There is an old (tired) joke among dog trainers. It goes like this. The only thing two trainers can agree on is that the third one is wrong (see also different and awkward). We are plagued by clannishness. There are camps: this methodology against that. And then there are camps within the camps, fine lines of thinking and acting that if crossed violate the arbitrary rules of those opposed. We are, for the most part, deeply dedicated to teaching animals with compassion and minimally aversive techniques. And at the next turn we are apt to savage each other.

The dramatic irony plays out most often and with the greatest vitriol on social media platforms. I’ll spare you the details because I’m so very confident you’ve seen them  yourself. At best we adhere to our own righteousness. At worst we are sarcastic and cynical. We excuse our own behavior because of what he or she said first. Or, when we feel the sting of our actions we try to quell it with the idea it was all in good fun. Humor. Jokes for which others paid.

I have been that asshole. I have fired off barbs wrapped in velvet. I have posted crap that looked sane and even poetic with the raw intention of causing pain. At my worst I’ve participated in whisper campaigns and back stabbing. I regret it every day. I drag a wake of human wreckage and I remember the names. We suffer and we cause more suffering and in the end we hurt ourselves the most.

Here’s my simple plea. Be kind. I put this idea out for consideration in my talk at the IAABC Conference earlier this year. Sometimes it’s better to be kind than to be right. This is hard for us. We trainers are in the business of being right. Our information has to be right. Our skills need to be right. We need to demonstrate and teach rightly. We are also in the business of reducing suffering, the suffering of animals and of our fellow human beings. If kindness is missing from our work we are impeding our best efforts. Information wrapped in anger or sharp edged snark is wasted. It is lost on the learner. The recipient of even our most valued truths will likely only feel the blows and the cuts. We trainers know better than to do this with dogs. It breaks trust and builds nothing. And yet, we do it to each other.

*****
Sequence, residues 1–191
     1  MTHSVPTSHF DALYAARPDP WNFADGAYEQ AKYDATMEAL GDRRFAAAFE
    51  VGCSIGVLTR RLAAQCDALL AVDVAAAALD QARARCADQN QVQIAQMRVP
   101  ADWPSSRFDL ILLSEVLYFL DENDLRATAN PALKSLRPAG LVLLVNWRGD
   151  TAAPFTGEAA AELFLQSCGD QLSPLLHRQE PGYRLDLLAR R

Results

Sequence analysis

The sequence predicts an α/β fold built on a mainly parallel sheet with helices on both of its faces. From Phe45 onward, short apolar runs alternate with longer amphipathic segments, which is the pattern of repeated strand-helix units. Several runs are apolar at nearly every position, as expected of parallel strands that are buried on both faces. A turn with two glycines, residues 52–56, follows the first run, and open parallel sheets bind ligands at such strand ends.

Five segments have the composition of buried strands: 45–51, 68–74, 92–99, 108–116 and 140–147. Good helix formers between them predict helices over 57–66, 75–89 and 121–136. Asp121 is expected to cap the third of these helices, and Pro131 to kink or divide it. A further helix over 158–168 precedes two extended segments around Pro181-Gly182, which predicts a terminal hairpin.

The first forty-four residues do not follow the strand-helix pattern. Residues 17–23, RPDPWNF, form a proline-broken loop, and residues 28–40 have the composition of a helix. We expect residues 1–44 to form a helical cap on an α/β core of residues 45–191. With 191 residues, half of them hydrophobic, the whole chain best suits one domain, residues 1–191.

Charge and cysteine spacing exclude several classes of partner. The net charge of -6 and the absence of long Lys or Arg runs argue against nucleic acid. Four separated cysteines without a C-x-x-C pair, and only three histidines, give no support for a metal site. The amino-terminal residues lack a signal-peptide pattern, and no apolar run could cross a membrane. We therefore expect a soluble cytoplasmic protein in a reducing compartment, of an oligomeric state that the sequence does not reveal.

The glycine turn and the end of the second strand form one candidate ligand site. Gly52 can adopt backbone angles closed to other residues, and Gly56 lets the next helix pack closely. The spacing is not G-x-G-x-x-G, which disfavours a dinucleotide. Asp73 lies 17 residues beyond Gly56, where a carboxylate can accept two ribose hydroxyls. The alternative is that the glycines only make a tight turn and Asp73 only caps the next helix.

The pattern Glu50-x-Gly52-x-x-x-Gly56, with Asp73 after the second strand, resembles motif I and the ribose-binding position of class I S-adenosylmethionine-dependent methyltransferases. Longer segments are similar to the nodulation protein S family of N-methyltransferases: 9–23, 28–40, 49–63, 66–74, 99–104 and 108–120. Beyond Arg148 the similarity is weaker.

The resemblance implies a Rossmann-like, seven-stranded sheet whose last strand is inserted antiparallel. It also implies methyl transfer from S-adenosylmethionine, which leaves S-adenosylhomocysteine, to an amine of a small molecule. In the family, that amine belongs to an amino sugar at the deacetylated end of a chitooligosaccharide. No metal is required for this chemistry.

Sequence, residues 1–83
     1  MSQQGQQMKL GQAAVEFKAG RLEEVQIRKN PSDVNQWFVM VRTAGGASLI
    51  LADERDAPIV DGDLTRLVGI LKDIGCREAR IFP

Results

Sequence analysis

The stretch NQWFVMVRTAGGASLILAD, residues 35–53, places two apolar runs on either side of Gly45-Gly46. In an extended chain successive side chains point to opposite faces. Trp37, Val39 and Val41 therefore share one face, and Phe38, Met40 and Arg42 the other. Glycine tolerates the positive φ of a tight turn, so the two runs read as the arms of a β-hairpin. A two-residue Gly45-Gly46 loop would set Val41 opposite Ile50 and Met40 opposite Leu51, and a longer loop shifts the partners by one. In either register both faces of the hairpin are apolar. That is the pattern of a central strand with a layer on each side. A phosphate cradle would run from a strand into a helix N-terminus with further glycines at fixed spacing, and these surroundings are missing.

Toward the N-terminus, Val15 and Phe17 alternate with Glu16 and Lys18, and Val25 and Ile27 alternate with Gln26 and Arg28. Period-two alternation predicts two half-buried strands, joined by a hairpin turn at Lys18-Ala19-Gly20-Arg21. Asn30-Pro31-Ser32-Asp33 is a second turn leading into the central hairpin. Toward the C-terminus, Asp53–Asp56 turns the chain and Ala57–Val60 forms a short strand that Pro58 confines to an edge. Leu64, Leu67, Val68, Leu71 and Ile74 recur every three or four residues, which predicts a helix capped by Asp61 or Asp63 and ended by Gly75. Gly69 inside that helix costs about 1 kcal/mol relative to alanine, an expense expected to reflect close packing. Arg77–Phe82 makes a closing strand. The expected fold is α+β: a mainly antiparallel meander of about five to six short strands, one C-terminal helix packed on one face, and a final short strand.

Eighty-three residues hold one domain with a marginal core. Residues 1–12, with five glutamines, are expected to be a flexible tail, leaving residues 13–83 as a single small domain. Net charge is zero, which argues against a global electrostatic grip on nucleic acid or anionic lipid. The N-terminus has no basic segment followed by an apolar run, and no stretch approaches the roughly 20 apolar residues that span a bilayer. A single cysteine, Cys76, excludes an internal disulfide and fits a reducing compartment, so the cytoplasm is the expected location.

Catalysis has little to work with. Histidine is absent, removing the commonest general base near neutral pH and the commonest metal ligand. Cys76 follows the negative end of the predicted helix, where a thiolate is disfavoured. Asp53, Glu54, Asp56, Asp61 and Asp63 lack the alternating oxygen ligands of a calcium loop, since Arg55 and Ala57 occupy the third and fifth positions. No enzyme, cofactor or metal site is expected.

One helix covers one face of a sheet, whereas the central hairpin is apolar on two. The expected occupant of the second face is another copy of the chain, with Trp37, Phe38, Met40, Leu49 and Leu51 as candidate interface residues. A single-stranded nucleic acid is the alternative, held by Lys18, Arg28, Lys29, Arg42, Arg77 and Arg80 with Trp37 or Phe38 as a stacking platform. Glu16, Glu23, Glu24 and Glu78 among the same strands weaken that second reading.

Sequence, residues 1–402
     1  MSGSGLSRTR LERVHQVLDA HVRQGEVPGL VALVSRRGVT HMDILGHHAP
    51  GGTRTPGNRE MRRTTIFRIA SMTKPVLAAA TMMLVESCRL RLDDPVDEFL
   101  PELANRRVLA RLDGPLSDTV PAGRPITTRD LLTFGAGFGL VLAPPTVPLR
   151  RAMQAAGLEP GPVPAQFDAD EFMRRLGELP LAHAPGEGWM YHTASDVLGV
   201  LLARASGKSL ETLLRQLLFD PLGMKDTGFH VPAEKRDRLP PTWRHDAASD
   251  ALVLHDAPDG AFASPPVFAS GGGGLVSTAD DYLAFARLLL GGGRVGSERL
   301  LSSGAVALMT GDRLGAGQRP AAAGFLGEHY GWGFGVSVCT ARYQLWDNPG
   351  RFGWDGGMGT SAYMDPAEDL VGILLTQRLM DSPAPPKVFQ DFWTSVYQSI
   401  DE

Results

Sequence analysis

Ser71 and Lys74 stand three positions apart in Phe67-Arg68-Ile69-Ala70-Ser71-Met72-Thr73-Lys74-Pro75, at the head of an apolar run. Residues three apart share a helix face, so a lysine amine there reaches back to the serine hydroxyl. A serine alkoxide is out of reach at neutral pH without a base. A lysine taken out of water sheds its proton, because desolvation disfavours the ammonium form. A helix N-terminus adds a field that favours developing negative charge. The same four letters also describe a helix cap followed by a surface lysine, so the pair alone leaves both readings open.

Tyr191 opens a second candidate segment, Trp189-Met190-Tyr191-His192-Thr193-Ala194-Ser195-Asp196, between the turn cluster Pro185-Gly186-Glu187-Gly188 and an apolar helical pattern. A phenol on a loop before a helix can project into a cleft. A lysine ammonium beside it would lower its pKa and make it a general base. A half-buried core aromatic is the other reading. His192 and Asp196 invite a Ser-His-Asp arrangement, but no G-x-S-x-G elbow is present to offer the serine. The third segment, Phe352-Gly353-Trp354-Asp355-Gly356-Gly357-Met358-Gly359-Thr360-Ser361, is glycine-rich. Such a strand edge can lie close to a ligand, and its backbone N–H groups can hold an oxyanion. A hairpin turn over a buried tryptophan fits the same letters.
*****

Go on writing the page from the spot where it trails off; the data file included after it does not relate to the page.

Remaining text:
I want my fellow trainers to know that I see them and hear them. I want this most especially if we sometimes disagree. Why? Because we aren’t done yet. At our best (and I firmly believe we are all striving for our best) we trainers are voracious learners. When I value my fellow trainer, my fellow learner, I maintain access. When I speak kindly even in discourse, I get to stay in the game, stay on the path with him or her. Choose your own metaphor. When we are connected we can teach. We can explore ideas together. And, wait for it, we can learn. Play the long game. Is one tweet or one facebook post worth losing the chance to work in concert to build our profession – to lead – to heal?

So, this is a plea for kindness. It’s a plea drawn from my own experience. It’s a feeble try, perhaps, to draw compassion from suffering. Because we are all afraid, terrified sometimes, of each other. And, because when all is said and done, no matter our differences, we want the same thing. We want to tell each other who we really are (fear be damned). We are hardwired for connection with each other, collaboration, friendship and love. It’s who we are at the core. We want to be seen and to be heard and to feel safe. It’s a yearning we all have and it’s also the greatest gift we can give to each other.

Michael Baugh teaches dog training in Houston, TX. He teaches client coaching through the International Association of Animal Behavior Consultants. Michael is a human being with many of the strengths and foibles associated with that species.